A group of researchers from the High School of Telecommunications Engineering of the Universidad Politécnica de Madrid (UPM) has shown that is possible to detect an aggressive driving behavior by just monitoring external driving signals such as the speed or acceleration, since the aggressiveness works as a linear filter on these signals. This model was validated with empirical data under real driving situations with rates exceeding 92%.
Traffic accidents annually produce 1.3 million fatalities and 50 million injuries worldwide. They are currently the main cause of death among young adults between 15–29 years old. Apart from these deaths, traffic accidents cause high economic cost due to property damage and medical expenses, amongst others, estimated at around half a billion Euros per year. The 70% of these accidents are related to human factors and reckless driving which is the result of an excessive or inappropriate speed.
Boosting new behavior patterns could prevent a significant percentage of accidents. One way to promote these behavior changes of drivers it can be the monitoring and characterization of their driving in order to detect inappropriate driving situations and early warn at risk of accident.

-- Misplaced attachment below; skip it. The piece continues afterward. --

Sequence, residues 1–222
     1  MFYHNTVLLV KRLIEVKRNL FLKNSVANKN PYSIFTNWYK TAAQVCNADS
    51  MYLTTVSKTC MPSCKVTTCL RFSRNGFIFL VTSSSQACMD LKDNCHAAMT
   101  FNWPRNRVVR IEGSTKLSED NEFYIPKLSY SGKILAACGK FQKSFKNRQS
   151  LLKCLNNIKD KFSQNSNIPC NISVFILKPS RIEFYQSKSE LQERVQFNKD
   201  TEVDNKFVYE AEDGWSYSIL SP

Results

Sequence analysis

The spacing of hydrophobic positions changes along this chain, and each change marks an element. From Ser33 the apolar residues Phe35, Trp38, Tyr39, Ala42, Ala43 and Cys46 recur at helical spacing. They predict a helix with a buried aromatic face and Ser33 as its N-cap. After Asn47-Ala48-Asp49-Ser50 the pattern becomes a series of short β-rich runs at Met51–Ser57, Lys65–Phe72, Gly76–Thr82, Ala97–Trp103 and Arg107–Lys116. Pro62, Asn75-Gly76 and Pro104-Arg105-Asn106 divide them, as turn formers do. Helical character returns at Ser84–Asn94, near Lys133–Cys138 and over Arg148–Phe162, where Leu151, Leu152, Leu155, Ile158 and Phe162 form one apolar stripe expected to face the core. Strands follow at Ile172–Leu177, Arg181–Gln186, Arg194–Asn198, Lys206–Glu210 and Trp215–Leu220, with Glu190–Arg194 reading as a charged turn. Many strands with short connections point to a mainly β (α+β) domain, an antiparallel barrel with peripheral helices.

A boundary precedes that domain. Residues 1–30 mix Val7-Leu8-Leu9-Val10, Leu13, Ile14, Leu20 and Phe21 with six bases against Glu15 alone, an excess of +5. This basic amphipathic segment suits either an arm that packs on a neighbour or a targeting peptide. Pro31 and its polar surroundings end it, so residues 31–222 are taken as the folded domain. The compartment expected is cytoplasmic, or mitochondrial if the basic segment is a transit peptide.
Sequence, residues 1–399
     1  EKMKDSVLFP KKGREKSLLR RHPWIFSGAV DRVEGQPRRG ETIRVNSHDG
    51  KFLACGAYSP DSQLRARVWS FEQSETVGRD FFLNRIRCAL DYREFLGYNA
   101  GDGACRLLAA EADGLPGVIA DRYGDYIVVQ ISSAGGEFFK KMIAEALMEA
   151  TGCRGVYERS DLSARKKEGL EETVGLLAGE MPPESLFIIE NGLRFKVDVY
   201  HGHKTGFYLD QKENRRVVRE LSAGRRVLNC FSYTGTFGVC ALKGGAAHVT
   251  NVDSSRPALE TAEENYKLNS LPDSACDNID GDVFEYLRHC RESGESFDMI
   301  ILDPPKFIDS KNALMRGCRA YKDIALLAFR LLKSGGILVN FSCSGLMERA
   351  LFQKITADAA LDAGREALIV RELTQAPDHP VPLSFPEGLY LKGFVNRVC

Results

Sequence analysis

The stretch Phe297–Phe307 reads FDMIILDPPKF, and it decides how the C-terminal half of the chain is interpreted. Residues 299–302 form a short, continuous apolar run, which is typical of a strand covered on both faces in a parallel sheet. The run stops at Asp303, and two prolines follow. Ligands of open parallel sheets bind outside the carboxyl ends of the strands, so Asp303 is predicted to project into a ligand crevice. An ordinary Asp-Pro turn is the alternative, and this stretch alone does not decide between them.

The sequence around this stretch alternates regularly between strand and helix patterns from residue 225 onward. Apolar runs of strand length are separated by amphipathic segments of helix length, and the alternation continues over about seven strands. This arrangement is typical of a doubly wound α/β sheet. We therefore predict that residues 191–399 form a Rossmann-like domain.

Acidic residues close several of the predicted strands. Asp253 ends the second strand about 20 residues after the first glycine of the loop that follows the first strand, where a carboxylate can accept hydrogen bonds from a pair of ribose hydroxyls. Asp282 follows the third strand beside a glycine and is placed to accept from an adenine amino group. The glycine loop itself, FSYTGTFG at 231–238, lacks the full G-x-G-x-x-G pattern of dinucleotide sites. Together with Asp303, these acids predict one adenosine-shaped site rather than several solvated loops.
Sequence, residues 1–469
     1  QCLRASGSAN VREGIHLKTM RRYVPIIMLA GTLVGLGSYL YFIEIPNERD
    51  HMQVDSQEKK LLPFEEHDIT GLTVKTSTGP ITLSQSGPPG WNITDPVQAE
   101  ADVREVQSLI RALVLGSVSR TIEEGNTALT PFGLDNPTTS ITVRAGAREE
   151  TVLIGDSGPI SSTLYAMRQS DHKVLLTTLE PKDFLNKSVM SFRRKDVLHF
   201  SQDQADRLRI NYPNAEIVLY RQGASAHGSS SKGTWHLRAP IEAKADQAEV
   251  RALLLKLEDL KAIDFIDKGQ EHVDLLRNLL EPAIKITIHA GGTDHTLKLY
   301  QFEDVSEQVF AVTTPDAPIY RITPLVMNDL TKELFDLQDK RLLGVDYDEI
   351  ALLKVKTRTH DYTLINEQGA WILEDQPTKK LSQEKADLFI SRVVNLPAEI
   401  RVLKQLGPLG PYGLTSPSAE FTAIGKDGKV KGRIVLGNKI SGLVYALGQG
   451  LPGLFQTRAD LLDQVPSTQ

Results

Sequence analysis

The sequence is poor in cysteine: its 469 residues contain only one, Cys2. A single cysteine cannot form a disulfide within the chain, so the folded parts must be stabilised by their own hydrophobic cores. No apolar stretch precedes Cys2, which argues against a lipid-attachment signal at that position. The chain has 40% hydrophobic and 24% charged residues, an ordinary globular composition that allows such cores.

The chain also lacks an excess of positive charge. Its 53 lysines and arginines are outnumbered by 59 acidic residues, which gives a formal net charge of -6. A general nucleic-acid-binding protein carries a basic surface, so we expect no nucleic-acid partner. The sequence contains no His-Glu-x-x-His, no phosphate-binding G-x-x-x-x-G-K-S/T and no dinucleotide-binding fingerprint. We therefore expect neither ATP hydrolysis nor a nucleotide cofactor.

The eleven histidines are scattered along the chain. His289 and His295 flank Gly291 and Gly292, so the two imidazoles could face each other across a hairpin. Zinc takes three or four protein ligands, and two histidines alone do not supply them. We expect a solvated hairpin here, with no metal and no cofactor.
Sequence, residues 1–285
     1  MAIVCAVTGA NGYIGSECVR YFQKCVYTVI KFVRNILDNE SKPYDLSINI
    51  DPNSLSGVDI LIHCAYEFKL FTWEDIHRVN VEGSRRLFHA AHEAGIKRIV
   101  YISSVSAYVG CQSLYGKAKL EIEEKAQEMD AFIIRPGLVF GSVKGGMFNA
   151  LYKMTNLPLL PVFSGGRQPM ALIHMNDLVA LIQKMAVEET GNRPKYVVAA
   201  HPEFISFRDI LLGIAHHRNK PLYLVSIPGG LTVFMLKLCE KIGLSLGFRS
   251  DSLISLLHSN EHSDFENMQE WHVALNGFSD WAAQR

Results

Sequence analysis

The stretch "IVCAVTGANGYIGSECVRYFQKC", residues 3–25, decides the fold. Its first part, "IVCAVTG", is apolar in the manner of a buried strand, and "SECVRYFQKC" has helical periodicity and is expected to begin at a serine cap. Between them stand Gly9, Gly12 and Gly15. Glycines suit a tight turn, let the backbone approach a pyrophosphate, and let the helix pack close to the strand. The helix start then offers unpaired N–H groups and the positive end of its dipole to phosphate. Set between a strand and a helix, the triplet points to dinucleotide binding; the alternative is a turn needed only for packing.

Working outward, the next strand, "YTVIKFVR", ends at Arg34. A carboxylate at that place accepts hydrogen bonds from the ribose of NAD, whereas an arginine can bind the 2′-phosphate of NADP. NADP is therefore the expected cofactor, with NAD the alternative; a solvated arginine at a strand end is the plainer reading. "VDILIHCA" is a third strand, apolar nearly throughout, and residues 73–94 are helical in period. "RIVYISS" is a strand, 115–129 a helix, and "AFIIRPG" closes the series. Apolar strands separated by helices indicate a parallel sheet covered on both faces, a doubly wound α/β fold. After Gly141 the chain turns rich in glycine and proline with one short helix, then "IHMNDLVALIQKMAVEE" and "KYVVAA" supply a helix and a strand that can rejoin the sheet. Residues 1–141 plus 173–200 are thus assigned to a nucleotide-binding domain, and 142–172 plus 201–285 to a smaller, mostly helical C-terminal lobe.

The early research works in this field were mainly based on the characterization through intrusive methods by monitoring physiological signals such as heart rate, breathing and stress level. These methods, though effective, are less appropriate because can produce discomfort to the driver and represent an additional cause of distraction.
The question is, can we efficiently characterize the driving through non intrusive methods and that are not perceived by the driver? A group of researchers for the Applied Mathematics for Information Technology and Communications Department of the High School of Telecommunications Engineering of UM has found the answer. Thanks to this research, they have shown that is possible to detect a reckless driving behavior by just monitoring driving external signals, such as velocity and acceleration.
The key is that aggressiveness performs like a linear filter on these signals: scaling its probability distribution and modifying its average value, standard deviation and dynamic range.
The model was empirically verified under real driving situations at UPM facilities. They tested its validity and its generality for diverse driving signals, different drivers and types of roads. The results showed a success rate of 92% for detecting reckless driving behavior from driving signals.
In the future, this real time reckless driving system for early detection will be integrated into smartphones, significantly contributing to increase safety on the roads.